In most business operations today, documents are sent in a standard format using Electronic Data Interchange (EDI), which involves computer-to-computer communication. Logistics companies depend on EDI data to function. From onboarding new trade partners to interacting with customers, logistics organizations have relied on and will continue to need a consistent and effective EDI approach. With these computer-aided tools in place, incorporating seamless eCommerce and marketplace integration into core programs is possible.

2. Barcode and Scanner 

The effects of modern digital technology in how businesses operate handle goods have been incredibly prevalent that most people can’t imagine a time without barcodes and scanners. These tools may seem unassuming, but without them, modern shipping and logistics systems would be inefficient and error-prone. 3PLs (Third-party logistics businesses) employ barcodes to effectively manage their facilities and better serve their clients.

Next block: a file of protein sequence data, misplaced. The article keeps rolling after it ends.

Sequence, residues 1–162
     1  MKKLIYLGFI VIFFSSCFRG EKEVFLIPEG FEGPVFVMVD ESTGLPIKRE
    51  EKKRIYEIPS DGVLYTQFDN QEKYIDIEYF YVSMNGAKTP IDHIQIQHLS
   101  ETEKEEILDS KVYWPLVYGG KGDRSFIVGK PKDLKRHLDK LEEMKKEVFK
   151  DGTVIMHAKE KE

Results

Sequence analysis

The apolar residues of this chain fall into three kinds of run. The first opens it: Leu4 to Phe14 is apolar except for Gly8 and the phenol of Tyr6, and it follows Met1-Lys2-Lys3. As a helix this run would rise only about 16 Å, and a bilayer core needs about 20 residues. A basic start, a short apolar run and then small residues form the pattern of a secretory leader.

Computer-Aided Logistics

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3. Data Warehouse  

Business intelligence (BI) operations like analytics are enabled and supported by data warehouses, a leading type of data management system. The primary purpose of a data warehouse is to run queries and analyses on historical data. The data in these warehouses might come from various places, such as transactional databases and log files.